Search just our sites by using our customised search engine
Unique Cottages | Electric Scotland's Classified Directory

Click here to get a Printer Friendly PageSmiley

The Scotch-Irish in America
Proceedings of the Third Congress at Louisville
John Orr, Steubenville, O.


This community was shocked Friday evening by the announcement of the death of John Orr, an old and one of the most prominent citizens of Steubenville, which occurred at 4 o'clock. The cause of death was jaundice, and he had been confined to his house but a few days.

Mr. Orr was born at Ballyhalbert, near Belfast, Ireland, November 29, 1827, and came to America in 1846, first locating in Pittsburg, He remained in that city only a short time, coming to Steubenville, where he entered the grocery store of his uncle, John Orr, at the corner of Third and Washington Streets.

In 1851 he opened a retail grocery on the opposite corner, which business he continued up to 1860, when at the death of his uncle ho returned to the old store. He remained in the retail grocery business up to 1867, when he engaged in oil refining, building a plant below the Jefferson Iron Works. In 1877 he also engaged in oil refining in Pittsburg, but two years later he sold the two plants to the Standard Oil Company, resuming the retail grocery trade at the "Old Orr Corner."

In 1882 he erected the large block at the corner of Market and Fifth, and taking his son Robert into partnership, engaged in the wholesale grocery trade, in which he was very prosperous, his house at his death having a solid standing, the result of business sagacity and honest dealing.

In 1855 he was married to Mary Jane Orr, the issue being five children, Robert, John, Will, Mary, and Annie, who, with the wife, survive him. He was a public-spirited citizen, a man of enterprise and wholesome influence, always taking an active interest in public improvements. It was during his membership of Council in 1868 and largely through his influence and persistent efforts that the sidewalks were widened and many of the street lines wore straightened and the city began to emerge from its village life. It was also largely through his influence as a councilman that the first steam fire-engine was purchased. He was one of the Trustees of the Union Cemetery, was in the directory of the old Jefferson Fire Insurance Company, of the old Jefferson National Bank, and was a Director in the Steubenville National Bank at his death. He was a friend of the Y. M. C. A., to which organization ho was a liberal and hearty contributor. He was a member of the Humane Society, and contributed largely to the support of the work in the prosecution of which he was deeply interested. In fact, he was prominent in all movements for the betterment of the community and its citizens. He was of a jovial disposition, kind-hearted, and his acts of kindness and charity will keep his memory green in the hearts of many beneficiaries.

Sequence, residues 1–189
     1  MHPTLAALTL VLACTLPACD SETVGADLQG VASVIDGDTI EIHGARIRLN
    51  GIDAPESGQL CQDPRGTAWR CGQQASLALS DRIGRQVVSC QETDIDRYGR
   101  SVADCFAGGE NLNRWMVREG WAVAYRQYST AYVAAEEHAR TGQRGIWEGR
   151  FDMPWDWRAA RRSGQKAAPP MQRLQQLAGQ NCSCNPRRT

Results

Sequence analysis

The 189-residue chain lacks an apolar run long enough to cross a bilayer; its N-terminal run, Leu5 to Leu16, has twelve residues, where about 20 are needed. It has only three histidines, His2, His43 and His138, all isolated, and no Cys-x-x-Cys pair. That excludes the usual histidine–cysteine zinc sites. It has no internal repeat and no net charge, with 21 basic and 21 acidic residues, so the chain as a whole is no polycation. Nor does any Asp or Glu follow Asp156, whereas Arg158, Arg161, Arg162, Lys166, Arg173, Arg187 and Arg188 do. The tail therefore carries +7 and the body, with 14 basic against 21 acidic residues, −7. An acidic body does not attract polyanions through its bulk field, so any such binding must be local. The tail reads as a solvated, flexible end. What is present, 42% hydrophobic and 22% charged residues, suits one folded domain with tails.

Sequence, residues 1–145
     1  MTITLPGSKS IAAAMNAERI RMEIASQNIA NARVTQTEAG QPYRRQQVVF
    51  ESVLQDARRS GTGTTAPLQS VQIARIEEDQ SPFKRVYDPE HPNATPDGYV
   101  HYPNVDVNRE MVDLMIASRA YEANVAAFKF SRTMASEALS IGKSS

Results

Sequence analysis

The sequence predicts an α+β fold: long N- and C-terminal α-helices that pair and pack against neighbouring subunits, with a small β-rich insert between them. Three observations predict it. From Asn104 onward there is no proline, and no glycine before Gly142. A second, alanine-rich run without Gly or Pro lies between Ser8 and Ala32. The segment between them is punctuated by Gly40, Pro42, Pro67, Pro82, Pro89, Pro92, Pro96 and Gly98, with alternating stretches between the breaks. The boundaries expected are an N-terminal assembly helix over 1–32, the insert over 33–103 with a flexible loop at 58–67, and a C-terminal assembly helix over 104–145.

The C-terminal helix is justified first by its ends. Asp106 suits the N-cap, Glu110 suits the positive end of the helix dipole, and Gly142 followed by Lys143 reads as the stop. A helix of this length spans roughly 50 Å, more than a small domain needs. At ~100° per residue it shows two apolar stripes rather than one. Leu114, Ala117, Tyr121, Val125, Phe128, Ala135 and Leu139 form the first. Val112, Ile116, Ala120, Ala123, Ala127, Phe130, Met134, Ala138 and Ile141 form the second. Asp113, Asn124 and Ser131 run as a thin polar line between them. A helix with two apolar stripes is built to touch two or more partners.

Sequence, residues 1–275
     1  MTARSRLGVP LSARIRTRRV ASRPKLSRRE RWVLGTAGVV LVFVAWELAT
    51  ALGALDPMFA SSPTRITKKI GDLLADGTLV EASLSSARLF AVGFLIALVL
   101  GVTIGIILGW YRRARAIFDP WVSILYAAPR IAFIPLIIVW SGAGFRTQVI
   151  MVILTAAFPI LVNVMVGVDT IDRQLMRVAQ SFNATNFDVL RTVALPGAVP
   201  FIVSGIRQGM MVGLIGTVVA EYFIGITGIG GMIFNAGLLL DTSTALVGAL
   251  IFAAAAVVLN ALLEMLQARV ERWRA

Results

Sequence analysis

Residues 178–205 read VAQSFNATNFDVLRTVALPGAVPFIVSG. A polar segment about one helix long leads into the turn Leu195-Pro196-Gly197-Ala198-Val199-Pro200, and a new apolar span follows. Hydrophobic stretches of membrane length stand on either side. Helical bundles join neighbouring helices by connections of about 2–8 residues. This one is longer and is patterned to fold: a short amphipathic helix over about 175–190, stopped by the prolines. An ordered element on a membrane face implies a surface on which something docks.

He was a member of the Second Presbyterian Church and a regular attendant at this sanctuary. He was a Democrat, in his younger days being one of the most active of the local adherents of the party of Jefferson. He was one of the first Ohio members of the Scotch-Irish Society of America, and no one took a deeper interest in the annual proceedings of its Congress. Ho looked forward with much pleasure to an anticipated attendance at the next meeting of the Congress to be held in Louisvilie in May.

Mr. Orr was a good citizen, and his death is deeply mourned by our people. His many good traits of character endeared him to the hearts of many. His remains were interred in the Union Cemetery Sunday afternoon at 2:30 o'clock.

Return to the Third Congress Index Page


This comment system requires you to be logged in through either a Disqus account or an account you already have with Google, Twitter, Facebook or Yahoo. In the event you don't have an account with any of these companies then you can create an account with Disqus. All comments are moderated so they won't display until the moderator has approved your comment.

comments powered by Disqus